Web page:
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We are pleased to announce that ‘Heterogeneity within and between physician-diagnosed asthma and/or COPD: NOVELTY cohort’ has been published in the European Respiratory Journal.
The article reports the baseline characteristics data of the global population of patients participating in the NOVELTY study. To accompany publication, a video summary featuring the lead author, Professor Helen Reddel, discussing the article’s key findings and their implications for the clinical identification and treatment of patients with asthma and/or COPD is available below.
Clinical studies typically focus on asthma and COPD separately, limiting our understanding of disease mechanisms and treatment options. Conversely, NOVELTY is a global, 3-year, prospective observational study of patients with asthma and/or COPD from real-world clinical practice.
Within this NOVELTY cohort, we identified marked heterogeneity within – and overlap between – baseline characteristics across the physician-assigned diagnosis and physician-assessed severity groups. This heterogeneity and overlap were observed for clinical, physiological and biomarker characteristics between patients with asthma, asthma+COPD and COPD. Symptoms, health-related quality of life, lung function and exacerbations were higher with greater physician-assessed severity, yet some patients with mild disease had features associated with poor outcomes.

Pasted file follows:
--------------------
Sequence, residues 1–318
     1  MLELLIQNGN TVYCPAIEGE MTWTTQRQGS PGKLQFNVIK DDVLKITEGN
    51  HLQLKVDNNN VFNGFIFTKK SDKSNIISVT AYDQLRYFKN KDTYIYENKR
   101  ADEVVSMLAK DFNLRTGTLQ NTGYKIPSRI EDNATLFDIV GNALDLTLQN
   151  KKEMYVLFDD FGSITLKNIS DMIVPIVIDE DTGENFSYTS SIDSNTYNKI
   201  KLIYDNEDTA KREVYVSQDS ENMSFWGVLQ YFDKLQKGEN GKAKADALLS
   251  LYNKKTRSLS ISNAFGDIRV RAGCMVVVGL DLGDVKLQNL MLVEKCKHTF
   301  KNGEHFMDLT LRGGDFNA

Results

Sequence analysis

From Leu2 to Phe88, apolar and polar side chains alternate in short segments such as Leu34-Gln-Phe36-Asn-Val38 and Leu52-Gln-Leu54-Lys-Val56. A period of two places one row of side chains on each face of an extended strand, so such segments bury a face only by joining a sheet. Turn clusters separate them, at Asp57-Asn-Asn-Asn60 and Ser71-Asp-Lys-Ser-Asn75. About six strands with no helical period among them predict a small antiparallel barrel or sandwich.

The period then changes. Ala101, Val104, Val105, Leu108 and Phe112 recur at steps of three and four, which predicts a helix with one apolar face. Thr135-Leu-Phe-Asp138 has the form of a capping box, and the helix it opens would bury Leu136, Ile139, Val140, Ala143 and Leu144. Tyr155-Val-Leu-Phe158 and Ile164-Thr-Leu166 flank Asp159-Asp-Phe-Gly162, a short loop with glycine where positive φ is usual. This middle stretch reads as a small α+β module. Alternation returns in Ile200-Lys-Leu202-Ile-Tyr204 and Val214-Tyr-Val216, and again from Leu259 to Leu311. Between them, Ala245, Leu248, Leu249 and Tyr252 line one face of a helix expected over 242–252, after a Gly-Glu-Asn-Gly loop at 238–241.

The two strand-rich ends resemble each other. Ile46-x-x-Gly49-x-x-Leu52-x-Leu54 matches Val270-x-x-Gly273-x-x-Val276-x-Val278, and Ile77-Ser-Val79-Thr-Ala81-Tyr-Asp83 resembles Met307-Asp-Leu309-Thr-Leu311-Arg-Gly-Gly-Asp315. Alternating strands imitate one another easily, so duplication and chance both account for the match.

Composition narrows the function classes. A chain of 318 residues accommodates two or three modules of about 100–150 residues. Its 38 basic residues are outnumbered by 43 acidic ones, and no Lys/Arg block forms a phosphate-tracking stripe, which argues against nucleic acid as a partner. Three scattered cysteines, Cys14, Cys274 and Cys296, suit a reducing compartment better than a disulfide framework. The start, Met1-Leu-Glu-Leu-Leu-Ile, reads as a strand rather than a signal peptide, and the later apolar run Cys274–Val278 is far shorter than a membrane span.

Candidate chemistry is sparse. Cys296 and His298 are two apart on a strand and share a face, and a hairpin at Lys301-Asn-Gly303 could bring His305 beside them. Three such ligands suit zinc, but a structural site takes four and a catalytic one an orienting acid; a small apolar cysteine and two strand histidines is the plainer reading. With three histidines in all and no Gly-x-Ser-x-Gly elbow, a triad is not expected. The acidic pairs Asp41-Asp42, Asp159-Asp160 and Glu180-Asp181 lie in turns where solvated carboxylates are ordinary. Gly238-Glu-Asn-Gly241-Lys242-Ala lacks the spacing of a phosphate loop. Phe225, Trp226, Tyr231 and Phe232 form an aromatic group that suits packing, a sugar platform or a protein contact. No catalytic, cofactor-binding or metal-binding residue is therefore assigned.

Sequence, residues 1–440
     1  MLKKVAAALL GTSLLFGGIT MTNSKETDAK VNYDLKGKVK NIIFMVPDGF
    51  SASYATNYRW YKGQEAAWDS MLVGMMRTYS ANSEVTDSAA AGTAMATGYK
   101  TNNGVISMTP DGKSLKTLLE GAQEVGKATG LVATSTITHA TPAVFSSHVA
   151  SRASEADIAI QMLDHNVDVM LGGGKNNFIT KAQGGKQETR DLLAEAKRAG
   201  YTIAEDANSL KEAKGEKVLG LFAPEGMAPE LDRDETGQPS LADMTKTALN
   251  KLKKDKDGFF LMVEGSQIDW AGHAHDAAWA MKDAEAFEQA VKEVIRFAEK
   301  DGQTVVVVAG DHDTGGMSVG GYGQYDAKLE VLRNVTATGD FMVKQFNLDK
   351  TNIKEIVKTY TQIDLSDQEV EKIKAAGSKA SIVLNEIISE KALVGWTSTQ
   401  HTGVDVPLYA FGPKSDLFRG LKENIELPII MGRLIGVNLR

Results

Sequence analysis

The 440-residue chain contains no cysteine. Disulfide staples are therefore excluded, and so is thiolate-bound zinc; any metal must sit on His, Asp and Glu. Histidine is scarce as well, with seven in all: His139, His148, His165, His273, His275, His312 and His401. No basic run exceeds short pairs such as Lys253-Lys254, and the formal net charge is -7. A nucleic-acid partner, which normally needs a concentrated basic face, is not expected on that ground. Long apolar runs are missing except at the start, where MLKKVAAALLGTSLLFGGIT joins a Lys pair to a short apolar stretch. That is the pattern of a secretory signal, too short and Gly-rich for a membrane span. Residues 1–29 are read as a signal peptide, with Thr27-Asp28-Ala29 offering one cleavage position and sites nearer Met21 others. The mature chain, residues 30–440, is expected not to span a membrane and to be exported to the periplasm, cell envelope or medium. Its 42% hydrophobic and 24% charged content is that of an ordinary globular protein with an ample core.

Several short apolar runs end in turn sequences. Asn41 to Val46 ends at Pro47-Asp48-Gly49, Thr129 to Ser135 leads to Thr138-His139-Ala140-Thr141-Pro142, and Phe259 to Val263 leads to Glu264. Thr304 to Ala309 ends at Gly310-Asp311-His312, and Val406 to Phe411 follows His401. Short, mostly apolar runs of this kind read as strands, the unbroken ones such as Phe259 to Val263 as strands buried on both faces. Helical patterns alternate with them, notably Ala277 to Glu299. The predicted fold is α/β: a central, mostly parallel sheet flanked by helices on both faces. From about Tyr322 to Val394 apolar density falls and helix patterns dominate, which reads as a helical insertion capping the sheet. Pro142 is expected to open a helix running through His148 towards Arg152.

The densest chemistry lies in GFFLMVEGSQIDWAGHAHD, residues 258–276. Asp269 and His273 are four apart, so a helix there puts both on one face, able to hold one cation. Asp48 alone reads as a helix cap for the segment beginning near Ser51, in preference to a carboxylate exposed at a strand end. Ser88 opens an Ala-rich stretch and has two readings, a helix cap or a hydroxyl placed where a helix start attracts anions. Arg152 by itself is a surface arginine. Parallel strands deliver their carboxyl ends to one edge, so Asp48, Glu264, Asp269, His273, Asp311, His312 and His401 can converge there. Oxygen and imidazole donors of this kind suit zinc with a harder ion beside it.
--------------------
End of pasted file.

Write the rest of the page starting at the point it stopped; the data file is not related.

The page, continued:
This work highlights the potentially substantial heterogeneity between diagnosis and severity groups in asthma and/or COPD, demonstrating that conventional diagnostic and existing severity classifications in clinical practice poorly differentiate between clinical phenotypes. As such, disease severity in asthma and/or COPD could be better measured through patient experiences and perceptions in terms of their clinical disease burden and healthcare utilisation than their physician-assigned diagnostic label or physician-assessed severity. Treatment strategies for patients with obstructive lung disease such as asthma and COPD should be targeted towards individual characteristics and disease traits rather than their diagnostic label to improve patient outcomes.
Read a summary of this article and other NOVELTY publications and presentations here.